The fragrances used in many household and skincare products can cause contact allergy when exposed to oxygen in the air, reveals research from the University of Gothenburg's Faculty of Science in conjunction with the University of Gothenburg to be presented at the dermatologist conference in Gothenburg.
The researchers studied how these substances can be activated through contact with oxygen in the air, and how this, in turn, can affect the skin. One particular study looked at whether the activated fragrances caused contact allergy when tested on eczema patients at Sahlgrenska University Hospital's Dermatology Clinic and the Occupational and Environmental Dermatology Clinic in Malmo. It was found that a high percentage of the 3,400 eczema patients tested had an allergic reaction to the substances.
"In a bid to gain a deeper understanding of how contact allergy occurs, we are now using state-of-the-art microscopic equipment to follow what happens to an allergen once it gets into the skin," says Ann-Therese Karlberg, professor of dermatochemistry and skin allergy at the Faculty of Science's Department of Chemistry, and a researcher at the Sahlgrenska Academy.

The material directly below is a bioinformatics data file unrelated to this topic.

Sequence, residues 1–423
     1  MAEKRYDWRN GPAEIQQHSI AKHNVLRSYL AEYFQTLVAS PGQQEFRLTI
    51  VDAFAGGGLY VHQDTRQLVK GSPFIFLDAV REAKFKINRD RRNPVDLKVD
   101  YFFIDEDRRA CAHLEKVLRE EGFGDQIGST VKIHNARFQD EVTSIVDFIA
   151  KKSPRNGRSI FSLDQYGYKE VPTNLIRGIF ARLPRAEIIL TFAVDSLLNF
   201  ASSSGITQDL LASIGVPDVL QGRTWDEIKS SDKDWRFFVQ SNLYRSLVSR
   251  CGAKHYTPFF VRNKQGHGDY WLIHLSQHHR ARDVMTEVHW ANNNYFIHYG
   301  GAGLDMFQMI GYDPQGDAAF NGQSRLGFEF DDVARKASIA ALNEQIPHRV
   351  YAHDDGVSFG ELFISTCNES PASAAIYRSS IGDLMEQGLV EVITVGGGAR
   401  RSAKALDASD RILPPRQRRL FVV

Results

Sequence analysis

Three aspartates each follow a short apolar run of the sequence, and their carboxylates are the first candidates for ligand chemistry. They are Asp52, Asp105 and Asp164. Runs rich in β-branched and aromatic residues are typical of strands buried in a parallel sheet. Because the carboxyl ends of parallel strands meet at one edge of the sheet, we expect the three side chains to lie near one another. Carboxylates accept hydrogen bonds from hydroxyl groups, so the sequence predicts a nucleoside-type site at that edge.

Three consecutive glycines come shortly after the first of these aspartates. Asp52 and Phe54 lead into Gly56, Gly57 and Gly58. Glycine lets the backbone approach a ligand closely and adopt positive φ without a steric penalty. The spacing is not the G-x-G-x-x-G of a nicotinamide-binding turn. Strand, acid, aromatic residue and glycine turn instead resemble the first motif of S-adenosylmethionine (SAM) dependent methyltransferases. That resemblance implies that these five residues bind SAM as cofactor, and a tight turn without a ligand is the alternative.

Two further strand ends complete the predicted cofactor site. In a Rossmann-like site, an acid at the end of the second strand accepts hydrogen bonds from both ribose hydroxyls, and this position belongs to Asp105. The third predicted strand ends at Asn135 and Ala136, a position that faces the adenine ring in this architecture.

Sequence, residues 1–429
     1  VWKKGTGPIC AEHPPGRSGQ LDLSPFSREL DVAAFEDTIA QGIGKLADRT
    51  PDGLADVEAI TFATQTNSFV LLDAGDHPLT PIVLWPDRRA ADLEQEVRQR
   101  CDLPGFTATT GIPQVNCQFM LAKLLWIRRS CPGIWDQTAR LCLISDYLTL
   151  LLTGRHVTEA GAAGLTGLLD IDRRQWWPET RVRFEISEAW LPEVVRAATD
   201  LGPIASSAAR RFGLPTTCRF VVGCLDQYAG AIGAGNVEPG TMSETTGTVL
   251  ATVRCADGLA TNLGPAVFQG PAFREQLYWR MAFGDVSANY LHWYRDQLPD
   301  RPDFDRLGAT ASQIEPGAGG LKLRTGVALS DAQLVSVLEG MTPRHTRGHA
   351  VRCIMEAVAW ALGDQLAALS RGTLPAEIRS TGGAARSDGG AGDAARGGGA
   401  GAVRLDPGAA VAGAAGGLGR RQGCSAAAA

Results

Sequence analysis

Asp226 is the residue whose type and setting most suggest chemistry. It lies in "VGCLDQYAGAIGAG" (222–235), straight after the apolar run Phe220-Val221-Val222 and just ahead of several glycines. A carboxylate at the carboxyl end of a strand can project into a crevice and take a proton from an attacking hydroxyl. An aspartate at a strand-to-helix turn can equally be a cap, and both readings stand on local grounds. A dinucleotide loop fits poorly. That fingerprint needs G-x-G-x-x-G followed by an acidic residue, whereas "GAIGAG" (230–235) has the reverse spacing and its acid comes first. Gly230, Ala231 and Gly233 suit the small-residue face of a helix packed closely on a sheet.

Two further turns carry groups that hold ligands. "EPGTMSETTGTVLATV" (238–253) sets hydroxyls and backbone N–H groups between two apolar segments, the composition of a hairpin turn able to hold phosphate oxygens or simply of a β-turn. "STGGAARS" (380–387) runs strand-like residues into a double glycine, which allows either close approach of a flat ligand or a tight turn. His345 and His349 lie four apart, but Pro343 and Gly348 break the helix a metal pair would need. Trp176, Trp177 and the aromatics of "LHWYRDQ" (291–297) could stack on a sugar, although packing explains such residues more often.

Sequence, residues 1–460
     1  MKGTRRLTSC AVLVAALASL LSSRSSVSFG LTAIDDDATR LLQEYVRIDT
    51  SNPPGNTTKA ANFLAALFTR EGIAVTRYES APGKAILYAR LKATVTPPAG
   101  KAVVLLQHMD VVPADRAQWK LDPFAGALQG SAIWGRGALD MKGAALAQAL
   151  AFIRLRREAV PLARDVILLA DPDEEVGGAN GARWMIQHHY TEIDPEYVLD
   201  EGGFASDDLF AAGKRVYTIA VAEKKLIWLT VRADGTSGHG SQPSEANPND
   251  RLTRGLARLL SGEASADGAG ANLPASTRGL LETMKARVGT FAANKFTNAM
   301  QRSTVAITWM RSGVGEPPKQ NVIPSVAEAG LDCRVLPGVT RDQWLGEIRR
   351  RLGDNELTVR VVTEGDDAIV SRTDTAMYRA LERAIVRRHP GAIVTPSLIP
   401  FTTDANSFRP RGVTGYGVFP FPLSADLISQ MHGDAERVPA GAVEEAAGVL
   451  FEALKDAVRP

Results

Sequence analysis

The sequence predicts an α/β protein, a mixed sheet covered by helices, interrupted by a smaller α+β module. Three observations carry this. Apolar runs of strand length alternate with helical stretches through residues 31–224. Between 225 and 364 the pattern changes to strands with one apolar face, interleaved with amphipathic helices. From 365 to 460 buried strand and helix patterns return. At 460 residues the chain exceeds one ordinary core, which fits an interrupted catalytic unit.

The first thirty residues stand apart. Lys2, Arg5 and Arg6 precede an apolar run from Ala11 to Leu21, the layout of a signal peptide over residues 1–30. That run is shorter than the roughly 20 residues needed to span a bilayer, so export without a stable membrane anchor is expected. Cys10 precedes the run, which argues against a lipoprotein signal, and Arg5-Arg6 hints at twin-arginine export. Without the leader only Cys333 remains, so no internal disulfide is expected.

When determining how allergenic a substance is, consideration must also be given to the skin's ability to activate a substance through the metabolism.
"We've developed a mixture that reflects the content of real skin enzymes, and use it to investigate whether the chemical substances can be activated in the skin and become allergenic."
Their discovery will help the health service to diagnose allergic contact eczema correctly through the development of new diagnostic tools, and reduce the number of cases of allergic contact eczema in the long term. For patients, the right diagnosis means that they can avoid exposure to substances that trigger the problem, and so give their eczema a chance to heal.
"Future work will see us evaluating new diagnostic methods and carrying out in-depth studies of what goes on in the skin. This will enable us to develop new medicines and replace the only treatment that is currently available for eczema, namely cortisone cream," explains Karlberg, who believes that their research could improve preventive work through its impact on manufacturers, consumers and legislation.